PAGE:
Academic journal article Science Scope

What's the Matter? Looking beyond the Macroscopic

Academic journal article Science Scope

What's the Matter? Looking beyond the Macroscopic

Article excerpt

Because of its abstract nature, the structure and properties of matter can be challenging for middle school students to understand at a conceptual level. Entering middle school, students typically have limited exposure to concepts such as physical properties, solutions and mixtures, and phase changes, so multiple opportunities are necessary to build their foundational knowledge regarding the structure and properties of matter. In addition to having limited content knowledge, middle school students often lack experience conducting investigations on the structure and properties of matter needed to build solid conceptual understanding. If depending solely on their own everyday experiences, students can develop significant misconceptions regarding scientific phenomena such as the structure of matter (Aydeniz and Kotowski 2012).


Part of the difficulty arises because the phenomenon surrounding atomic interactions resides at the nanoscale; therefore, middle school students have often expressed misconceptions about the structure of matter. For example, students typically explain that a cell is the smallest part of an organism without realizing that the cell is made up of various molecules and compounds. These concepts/performance expectations are introduced at grade 5 in the Next Generation Science Standards (NGSS) (5-PS11: Develop a model to describe that matter is made of particles too small to be seen; NGSS Lead States 2013).

Lesson overview and the 4E x 2 instructional model

To give students an opportunity to explore this topic in more depth, this lesson was developed using the 4E x 2 instructional model (Marshall 2007). This learning-cycle-based model combines formative assessment, inquiry instruction, and reflective practice in order to foster conceptual understanding. The 4E x 2 model builds upon previous research on existing models of learning that propose creating disequilibrium experiences for students in order to resolve misconceptions and promote full understanding. Many of these existing models, however, do not integrate other essential components identified by learning theorists as needed to foster strong conceptual understanding and process-skill development among students (Marshall, Horton, and Smart 2009). The implementation of the 4E x 2 instructional model gives teachers a concrete approach to routinely incorporate inquiry-based methods into their daily instruction.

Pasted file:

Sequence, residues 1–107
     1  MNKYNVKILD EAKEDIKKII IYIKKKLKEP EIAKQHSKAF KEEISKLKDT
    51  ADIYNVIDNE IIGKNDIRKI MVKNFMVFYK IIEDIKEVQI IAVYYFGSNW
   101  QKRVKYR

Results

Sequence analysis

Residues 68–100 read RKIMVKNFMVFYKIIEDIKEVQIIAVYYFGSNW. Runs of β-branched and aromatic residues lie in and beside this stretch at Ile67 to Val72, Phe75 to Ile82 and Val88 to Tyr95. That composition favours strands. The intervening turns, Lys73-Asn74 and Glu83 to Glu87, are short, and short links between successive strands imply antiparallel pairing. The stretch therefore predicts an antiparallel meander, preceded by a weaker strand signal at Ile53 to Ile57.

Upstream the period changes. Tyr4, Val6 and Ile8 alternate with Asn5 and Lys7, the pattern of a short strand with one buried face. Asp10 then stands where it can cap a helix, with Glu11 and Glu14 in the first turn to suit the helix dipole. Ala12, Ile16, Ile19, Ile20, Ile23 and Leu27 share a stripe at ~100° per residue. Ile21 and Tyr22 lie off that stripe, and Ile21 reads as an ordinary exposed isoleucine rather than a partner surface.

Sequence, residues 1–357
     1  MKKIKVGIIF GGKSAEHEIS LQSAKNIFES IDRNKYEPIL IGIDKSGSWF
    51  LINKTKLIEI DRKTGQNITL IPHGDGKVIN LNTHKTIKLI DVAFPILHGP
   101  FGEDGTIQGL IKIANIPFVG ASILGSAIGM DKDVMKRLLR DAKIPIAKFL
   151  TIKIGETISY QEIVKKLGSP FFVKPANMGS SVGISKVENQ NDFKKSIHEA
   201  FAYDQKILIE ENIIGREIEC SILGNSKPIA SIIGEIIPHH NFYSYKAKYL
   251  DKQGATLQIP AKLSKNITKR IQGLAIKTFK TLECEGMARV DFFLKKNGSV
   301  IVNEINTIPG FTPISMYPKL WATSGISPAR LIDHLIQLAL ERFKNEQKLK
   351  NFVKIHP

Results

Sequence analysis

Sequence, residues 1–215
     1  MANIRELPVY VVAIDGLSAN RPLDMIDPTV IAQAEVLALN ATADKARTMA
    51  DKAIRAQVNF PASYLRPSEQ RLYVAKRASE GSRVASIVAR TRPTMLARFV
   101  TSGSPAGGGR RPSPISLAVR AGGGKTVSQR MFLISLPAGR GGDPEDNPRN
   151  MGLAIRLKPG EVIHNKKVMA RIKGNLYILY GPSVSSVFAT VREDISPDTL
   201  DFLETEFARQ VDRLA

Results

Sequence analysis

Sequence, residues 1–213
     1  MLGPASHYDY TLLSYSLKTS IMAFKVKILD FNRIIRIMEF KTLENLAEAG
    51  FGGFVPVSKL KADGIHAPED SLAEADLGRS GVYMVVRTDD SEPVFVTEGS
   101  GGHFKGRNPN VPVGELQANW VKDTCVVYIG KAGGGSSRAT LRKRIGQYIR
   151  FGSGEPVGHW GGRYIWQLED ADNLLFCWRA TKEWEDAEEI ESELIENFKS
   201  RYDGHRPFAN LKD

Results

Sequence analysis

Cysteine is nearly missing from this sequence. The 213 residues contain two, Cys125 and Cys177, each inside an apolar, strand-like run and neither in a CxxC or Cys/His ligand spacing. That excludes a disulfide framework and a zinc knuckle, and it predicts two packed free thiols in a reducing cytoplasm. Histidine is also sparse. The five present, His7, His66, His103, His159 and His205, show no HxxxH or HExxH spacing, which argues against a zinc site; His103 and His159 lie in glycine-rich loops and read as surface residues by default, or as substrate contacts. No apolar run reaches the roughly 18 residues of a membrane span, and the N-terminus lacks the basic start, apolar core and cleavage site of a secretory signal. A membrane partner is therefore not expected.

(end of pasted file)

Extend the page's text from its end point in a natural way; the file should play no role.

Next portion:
The first step in the model is Engage, during which learners' prior knowledge is activated and misconceptions are uncovered about the big ideas presented in the lesson. The next step within the model, Explore, involves giving learners opportunities to investigate their ideas and conceptions uncovered in the previous phase in order to construct their own understandings. In the following step, Explain, both the student and the teacher work to construct meaning of the ideas formulated in the previous step. The final step is Extend, which involves students applying their recently constructed conceptions in new situations. In comparison to other learning models, such as the 5E instructional model (Bybee 2002), the 4E x 2 model incorporates the essential components of formative assessment and reflection at all four stages of inquiry-based learning rather than at the conclusion of the model (Dong, Marshall, and Wang 2009).

This lesson design is closely identified with guided-inquiry instruction, which is distinctly different from prescriptive or directed-inquiry instruction, where the teacher tells and then students confirm. In a typical prescriptive approach, students are given key vocabulary terms such as atom, molecule, and mixture before any experience or investigation takes place. This content is typically presented by viewing a PowerPoint, note taking, or reading from the text. Students may also be asked to color or label a diagram depicting various states of matter. Finally, students may be asked to label the state of matter depicted in various examples. …

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